Does anyone “out there” know of a case under a mixed-member proportional (MMP) system in which “overhang” seats were responsible for a manufactured majority? Or determined which potential coalition could form after the election?
I have a vague recollection that there was a German federal election in which one of the coalitions’ ability to form was shaped by overhang seats. I also know that the last Scottish election featured a manufactured majority, but I am not sure if the mixed-member provisions, per se, were the cause, or if the small size of the regions in which compensation is carried out would have been sufficient to produce the outcome.
By “manufactured majority” I mean more than half the seats for a party (or pre-election alliance cooperating in the district races) that had less than half the votes.
By “overhang” I mean… what, exactly? It seems some folks use the term to refer to any case of a party having more seats via the (nominal) district contests than its proportional entitlement would have been, while other folks mean additional seats added to the legislature as a response to such district wins. Either way, the question is of interest.
The question arose out of a conversation I was having with John Carey, who passes along a much more thoughtful version of the question, which I am posting here:
Can anyone identify a case where a less-than-fully-compensated overhang produced a parliamentary majority in an instance where a fully-compensated overhang (or just a fully proportional election) would not have?
Explanation: The question refers to mixed-member compensatory systems, like those used in Germany, New Zealand, or Bolivia. In instances where a given party wins more seats in the SMD tier than its list PR vote would warrant, the excess seats are referred to as “overhang” seats. Overhangs can be dealt with various ways:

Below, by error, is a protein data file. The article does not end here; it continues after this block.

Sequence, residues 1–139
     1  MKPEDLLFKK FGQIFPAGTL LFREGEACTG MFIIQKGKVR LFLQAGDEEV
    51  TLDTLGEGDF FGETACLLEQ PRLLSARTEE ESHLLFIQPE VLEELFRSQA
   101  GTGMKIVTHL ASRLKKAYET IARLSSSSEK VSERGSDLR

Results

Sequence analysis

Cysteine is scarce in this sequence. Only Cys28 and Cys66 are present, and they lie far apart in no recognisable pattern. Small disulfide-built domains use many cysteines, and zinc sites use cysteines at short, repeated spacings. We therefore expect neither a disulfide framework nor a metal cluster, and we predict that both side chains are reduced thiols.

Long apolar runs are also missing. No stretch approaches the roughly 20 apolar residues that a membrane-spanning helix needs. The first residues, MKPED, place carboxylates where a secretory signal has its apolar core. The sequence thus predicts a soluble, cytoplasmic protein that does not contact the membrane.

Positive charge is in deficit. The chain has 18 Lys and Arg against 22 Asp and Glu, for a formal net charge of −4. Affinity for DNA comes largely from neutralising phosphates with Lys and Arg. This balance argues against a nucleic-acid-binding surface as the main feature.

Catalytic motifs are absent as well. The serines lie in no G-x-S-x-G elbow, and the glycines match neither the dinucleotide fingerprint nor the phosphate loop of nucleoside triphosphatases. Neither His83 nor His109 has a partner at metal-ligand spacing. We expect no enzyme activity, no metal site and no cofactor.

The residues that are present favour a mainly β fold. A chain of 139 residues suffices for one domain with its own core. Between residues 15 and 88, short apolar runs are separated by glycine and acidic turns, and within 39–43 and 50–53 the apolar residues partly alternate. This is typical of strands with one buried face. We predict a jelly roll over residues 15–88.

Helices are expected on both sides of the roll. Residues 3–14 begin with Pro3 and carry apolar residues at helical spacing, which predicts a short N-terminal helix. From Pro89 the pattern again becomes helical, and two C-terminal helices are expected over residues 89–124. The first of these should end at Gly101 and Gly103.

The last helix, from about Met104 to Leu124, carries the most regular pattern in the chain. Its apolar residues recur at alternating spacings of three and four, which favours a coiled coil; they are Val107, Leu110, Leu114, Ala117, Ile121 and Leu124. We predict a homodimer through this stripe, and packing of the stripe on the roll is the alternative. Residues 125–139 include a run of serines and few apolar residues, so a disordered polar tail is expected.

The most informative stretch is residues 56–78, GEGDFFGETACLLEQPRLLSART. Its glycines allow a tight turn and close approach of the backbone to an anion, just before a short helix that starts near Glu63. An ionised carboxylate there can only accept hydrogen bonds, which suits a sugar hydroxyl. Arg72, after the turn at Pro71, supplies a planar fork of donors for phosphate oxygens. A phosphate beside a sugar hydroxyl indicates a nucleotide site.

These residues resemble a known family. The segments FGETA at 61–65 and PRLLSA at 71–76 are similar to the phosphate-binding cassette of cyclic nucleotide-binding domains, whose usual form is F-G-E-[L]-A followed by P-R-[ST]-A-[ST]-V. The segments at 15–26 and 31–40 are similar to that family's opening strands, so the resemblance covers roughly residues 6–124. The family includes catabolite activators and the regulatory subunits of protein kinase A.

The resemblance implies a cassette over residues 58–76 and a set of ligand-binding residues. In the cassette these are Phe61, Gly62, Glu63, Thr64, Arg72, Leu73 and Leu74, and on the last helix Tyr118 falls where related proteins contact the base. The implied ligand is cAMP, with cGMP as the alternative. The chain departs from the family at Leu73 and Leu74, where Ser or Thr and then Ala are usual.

Overhang Expansion: The party with the overhang keeps its excess seats. Other parties are awarded the number of seats each would be entitled to according to its share of the list PR vote. The size of the parliament is increased by the number of overhang seats. (Example, Germany before 2013.)
Full Compensation: The party with the overhang keeps its excess seats. All other parties are also awarded additional seats such that the overall distribution of seats achieves full proportionality. Parliament is thus enlarged both by the overhang seats and by the additional seats given to other parties in order to balance the overhang. (Example: Germany as of the 2013 election, following the Constitutional Court-mandated reform of 2011.)
Non-Expansion: The party with the overhang keeps its excess seats. Seats to which some other party or parties would be entitled, according to their share of the list PR vote, are not awarded to them in order to maintain the size of parliament at a fixed number of seats. (Example: Bolivia)
So, effectively, the question is whether use of either the first (Overhang Expansion) or third (Non-Expansion) method yielded a winner’s bonus that produced a parliamentary majority that would not have prevailed had Full Compensation been used.